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Amygdala signals subjective appetitiveness and aversiveness of mixed gambles

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People are more sensitive to losses than to equivalent gains when making financial decisions. We used functional magnetic resonance imaging (fMRI) to illuminate how the amygdala contributes to loss aversion. The blood oxygen level dependent (BOLD) response of the amygdala was mapped while healthy individuals were responding to 50/50 gambles with varying potential gain and loss amounts. Overall, subjects demanded twice as high potential gain as loss to accept a gamble. The individual level of loss aversion was expressed by the decision boundary, i.e., the gain-loss ratio at which subjects accepted and rejected gambles with equal probability. Amygdala activity increased the more the gain-loss ratio deviated from the individual decision boundary showing that the amygdala codes action value. This response pattern was more strongly expressed in loss aversive individuals, linking amygdala activity with individual differences in loss aversion. Together, the results show that the amygdala signals subjective appetitiveness or aversiveness of gain-loss ratios at the time of choice.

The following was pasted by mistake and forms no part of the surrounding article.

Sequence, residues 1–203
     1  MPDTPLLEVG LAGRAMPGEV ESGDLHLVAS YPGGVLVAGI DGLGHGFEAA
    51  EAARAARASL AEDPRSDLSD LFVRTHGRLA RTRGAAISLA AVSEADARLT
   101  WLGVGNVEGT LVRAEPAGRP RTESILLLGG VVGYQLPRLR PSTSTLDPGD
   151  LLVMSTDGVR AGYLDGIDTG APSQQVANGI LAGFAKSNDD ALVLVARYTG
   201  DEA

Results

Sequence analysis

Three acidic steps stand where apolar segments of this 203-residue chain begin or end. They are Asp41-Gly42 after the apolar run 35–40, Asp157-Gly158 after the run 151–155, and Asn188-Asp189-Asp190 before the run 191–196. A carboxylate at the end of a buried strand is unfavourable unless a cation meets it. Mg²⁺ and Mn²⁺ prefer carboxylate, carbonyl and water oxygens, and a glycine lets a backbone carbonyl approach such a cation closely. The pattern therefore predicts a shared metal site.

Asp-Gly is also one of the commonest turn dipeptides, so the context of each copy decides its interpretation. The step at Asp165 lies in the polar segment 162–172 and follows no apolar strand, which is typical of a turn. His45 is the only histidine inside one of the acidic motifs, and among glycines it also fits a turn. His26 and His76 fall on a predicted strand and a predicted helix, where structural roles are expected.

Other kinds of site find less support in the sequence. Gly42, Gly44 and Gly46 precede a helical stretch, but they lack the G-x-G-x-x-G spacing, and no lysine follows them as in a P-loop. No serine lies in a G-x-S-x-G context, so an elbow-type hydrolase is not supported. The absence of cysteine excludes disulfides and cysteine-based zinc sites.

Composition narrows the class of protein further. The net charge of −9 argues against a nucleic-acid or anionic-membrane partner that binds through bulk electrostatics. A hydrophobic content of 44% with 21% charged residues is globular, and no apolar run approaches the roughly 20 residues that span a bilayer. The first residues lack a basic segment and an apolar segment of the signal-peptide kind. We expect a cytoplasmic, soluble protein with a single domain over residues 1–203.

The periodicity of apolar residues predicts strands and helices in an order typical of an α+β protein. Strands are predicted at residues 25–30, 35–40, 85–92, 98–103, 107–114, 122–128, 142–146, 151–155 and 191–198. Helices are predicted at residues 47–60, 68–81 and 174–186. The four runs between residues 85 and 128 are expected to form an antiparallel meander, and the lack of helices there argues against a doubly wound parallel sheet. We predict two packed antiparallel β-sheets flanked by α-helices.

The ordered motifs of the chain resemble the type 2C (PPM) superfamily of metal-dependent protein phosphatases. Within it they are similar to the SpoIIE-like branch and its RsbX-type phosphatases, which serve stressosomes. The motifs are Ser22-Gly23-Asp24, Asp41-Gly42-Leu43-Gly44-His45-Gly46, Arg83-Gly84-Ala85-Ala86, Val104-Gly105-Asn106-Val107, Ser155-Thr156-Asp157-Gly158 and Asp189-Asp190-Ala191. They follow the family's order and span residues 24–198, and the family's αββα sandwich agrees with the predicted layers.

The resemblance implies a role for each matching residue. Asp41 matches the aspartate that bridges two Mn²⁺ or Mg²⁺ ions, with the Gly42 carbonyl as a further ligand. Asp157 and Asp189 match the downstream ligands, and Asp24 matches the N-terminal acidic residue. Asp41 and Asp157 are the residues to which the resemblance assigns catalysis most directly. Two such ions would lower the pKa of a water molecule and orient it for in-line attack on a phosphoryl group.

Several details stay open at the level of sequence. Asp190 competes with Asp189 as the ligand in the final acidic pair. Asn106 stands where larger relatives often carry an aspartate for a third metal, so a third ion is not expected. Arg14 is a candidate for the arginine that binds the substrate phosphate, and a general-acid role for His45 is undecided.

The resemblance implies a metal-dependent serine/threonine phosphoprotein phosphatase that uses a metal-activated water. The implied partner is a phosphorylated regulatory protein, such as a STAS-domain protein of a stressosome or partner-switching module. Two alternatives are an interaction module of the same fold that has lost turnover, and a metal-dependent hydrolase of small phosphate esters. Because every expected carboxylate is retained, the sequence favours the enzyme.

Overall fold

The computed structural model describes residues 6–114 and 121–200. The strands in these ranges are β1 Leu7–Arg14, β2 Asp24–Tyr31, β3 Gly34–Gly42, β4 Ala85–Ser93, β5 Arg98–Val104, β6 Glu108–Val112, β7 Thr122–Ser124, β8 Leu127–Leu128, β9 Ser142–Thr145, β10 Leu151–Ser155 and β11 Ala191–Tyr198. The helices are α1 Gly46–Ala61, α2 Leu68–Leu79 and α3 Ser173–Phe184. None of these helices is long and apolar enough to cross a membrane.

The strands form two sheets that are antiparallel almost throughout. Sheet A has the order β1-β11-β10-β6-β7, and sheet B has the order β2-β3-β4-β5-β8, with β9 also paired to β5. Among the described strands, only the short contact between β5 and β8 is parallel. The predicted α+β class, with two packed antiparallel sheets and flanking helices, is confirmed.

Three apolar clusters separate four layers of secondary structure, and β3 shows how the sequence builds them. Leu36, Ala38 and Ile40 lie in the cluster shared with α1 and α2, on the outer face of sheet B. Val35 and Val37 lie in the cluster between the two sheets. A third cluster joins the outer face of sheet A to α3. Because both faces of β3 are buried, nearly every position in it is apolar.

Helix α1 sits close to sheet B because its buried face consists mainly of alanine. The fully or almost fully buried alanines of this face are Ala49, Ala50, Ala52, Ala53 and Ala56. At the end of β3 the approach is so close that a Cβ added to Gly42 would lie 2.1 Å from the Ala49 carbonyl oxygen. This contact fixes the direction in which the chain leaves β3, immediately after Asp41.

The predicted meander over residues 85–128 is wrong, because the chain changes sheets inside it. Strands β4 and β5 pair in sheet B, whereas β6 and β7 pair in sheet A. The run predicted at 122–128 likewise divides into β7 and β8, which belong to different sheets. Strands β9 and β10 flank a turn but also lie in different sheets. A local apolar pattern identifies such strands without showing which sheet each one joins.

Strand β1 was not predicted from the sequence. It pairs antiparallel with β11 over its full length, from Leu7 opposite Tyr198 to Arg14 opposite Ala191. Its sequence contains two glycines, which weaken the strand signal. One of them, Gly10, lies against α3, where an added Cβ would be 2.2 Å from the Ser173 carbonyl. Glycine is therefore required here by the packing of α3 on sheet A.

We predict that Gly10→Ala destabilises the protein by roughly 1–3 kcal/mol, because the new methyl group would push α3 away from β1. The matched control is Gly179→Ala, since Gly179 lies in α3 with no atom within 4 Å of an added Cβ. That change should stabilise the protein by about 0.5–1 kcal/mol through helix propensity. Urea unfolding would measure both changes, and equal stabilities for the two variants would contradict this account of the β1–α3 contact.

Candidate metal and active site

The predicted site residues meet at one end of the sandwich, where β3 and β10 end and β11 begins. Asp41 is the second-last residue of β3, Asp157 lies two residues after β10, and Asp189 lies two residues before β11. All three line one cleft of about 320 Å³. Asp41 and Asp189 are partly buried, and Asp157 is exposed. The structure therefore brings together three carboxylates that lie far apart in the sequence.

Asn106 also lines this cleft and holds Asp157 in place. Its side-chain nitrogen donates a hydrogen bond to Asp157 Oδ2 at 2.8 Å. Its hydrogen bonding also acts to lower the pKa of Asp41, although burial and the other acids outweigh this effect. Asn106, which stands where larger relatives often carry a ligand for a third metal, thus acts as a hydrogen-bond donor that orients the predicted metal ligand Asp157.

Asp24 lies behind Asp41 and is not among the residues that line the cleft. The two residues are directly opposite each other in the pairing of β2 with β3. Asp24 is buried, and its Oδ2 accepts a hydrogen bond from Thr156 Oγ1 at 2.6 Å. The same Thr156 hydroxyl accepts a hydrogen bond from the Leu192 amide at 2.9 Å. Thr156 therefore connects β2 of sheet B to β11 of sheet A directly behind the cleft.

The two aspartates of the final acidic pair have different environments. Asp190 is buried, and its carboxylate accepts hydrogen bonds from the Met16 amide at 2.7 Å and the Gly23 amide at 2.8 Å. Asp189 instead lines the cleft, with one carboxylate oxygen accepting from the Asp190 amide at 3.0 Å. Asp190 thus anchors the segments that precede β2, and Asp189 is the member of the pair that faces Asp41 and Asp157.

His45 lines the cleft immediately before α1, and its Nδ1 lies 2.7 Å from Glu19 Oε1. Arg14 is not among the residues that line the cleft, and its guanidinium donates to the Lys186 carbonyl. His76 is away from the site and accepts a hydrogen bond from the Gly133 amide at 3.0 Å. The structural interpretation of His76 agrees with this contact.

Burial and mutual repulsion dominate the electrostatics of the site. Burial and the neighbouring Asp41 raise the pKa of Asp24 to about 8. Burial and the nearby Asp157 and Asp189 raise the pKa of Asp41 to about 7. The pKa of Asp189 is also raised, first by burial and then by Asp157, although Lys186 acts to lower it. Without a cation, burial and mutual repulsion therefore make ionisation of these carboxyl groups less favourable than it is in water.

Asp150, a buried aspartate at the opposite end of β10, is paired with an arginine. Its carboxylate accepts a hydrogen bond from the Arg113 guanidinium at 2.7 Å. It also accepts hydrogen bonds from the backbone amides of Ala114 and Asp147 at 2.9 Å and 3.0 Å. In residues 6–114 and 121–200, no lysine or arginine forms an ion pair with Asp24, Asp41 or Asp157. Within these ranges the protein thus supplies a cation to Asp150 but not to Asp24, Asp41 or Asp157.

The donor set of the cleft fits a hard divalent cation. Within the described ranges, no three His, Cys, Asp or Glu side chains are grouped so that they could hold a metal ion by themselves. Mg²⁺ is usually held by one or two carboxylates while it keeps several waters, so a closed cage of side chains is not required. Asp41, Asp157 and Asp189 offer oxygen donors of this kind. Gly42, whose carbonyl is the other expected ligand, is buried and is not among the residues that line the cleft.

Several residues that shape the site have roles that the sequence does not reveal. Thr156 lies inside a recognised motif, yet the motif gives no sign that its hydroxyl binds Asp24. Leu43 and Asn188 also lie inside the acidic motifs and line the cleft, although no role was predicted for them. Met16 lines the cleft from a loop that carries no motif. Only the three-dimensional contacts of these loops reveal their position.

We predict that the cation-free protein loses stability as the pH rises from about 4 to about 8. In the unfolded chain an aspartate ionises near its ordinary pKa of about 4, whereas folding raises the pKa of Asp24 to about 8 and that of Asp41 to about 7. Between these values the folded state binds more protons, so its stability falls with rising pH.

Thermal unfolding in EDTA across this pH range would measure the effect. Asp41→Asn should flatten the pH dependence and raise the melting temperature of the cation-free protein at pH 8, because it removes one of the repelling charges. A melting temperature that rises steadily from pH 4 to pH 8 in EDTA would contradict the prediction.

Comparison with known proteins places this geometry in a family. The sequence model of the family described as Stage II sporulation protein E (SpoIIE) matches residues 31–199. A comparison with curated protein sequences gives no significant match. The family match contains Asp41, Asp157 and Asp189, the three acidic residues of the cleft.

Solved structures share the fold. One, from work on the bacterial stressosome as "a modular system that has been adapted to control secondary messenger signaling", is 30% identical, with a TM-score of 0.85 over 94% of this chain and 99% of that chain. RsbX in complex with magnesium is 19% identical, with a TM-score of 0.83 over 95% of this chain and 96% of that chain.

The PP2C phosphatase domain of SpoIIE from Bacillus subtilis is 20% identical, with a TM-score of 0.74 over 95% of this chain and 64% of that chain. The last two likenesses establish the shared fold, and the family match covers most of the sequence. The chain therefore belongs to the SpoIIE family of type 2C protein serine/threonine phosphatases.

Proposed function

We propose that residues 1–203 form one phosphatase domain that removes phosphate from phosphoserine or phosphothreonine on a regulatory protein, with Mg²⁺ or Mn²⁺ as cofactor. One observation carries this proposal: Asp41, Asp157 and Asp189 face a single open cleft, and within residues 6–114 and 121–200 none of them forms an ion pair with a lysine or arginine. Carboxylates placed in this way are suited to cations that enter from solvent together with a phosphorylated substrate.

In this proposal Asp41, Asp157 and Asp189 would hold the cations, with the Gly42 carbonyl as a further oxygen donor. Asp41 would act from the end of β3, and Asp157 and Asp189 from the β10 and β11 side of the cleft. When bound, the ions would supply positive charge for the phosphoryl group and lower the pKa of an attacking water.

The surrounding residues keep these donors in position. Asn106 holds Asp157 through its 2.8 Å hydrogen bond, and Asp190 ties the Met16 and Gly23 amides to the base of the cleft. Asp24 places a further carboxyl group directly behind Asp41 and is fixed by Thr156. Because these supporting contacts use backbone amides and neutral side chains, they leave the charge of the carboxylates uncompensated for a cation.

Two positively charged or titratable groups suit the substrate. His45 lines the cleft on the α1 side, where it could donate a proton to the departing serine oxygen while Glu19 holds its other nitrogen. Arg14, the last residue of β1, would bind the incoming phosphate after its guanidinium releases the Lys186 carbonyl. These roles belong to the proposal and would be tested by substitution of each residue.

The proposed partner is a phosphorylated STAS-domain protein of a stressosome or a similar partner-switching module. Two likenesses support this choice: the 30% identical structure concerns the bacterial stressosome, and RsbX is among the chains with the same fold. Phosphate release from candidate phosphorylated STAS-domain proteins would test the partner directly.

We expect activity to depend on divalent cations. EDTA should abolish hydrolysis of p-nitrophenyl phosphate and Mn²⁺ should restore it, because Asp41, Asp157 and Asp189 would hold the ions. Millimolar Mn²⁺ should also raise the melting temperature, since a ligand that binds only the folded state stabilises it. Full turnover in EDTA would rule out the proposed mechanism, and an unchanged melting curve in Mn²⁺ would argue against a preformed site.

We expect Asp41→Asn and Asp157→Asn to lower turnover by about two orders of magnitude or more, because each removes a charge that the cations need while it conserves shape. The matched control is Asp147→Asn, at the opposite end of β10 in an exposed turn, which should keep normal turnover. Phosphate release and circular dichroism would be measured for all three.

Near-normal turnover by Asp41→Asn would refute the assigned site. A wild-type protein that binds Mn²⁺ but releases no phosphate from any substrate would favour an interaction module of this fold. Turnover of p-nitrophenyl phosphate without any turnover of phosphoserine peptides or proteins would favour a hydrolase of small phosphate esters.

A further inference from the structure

Original languageEnglish
JournalCortex; a journal devoted to the study of the nervous system and behavior
Volume66
Pages (from-to)81-90
Number of pages10
ISSN0010-9452
DOIs
Publication statusPublished - May 2015

ID: 45393088